In the baptism, God had reassured Jesus and called him. But now Satan, the enemy of God and his Son, seeks to destroy Jesus before he can begin his assault on the demonic kingdom.

The struggle that begins here will rage throughout the Gospel, reaching its climax when Jesus is on the cross; the cosmic character of that final battle will be symbolized by the day becoming night (see 15:33 — ‘when darkness came over the whole land’). The presence of the wild animals here signals the grave danger facing Jesus in the loneliness of the desert. At Golgotha he will again be alone, abandoned by his friends and, so it will seem, even by God; then, instead of wild animals, ferocious men will bay at the crucified man (15:29—32; of Psalm 22:21-22).

Alongside Jesus’ temptation, however, is his triumph.  The angels attend Jesus in the desert, and he does not succumb to Satan or to the wild animals. Jesus is a new Adam. Like Adam, Jesus is Lord over the beasts (cf Genesis 1:26; 2:19-20) or, in the language of Daniel, a ‘son of man’ who prevails over the evil, beast-like kingdoms (Daniel 7:1-13; cf Revelation 13-14).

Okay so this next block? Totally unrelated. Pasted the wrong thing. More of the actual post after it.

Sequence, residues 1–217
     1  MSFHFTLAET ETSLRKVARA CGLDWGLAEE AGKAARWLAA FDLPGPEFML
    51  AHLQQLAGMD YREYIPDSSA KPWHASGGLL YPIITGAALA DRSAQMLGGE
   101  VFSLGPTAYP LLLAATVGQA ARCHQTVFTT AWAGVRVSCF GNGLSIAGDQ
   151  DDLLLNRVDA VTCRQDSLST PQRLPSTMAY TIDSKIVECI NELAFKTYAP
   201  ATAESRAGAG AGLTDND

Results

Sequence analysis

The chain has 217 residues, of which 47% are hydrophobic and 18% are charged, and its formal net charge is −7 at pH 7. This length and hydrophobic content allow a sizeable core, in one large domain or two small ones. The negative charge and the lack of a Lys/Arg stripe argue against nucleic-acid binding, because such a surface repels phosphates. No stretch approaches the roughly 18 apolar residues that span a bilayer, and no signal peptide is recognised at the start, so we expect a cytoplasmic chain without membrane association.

Unlike Adam, however, Jesus resists temptation, remaining obedient to God. Thus, implicit in Mark but explicit in Paul is the notion that Jesus is the first man of a new race, the leader of a new humanity (see Romans 5:12-21, Corinthians 15:21-24).

Extract from Paul Barnett’s The Servant King: Reading Mark Today, Aquila Press, 1991, p.23-24


The evil archangel approached a hungry, starving man. Jesus was thin and weak. His skin was blistered by the scorching wilderness sun. He probably looked as if He had not bathed in weeks.

Jesus, A Theography, by Leonard Sweet and Frank Viola

Using the Lord’s hunger as a point of temptation, Satan said to Him, “If You really are the Son of God, turn these stones into bread and eat.”

Notice that the temptation was to lure Jesus into drawing on His Divine power. Consider Jesus’ response: “Man shall not live by bread alone but by every word that God speaks.””

Look at the dialogue carefully. Satan said,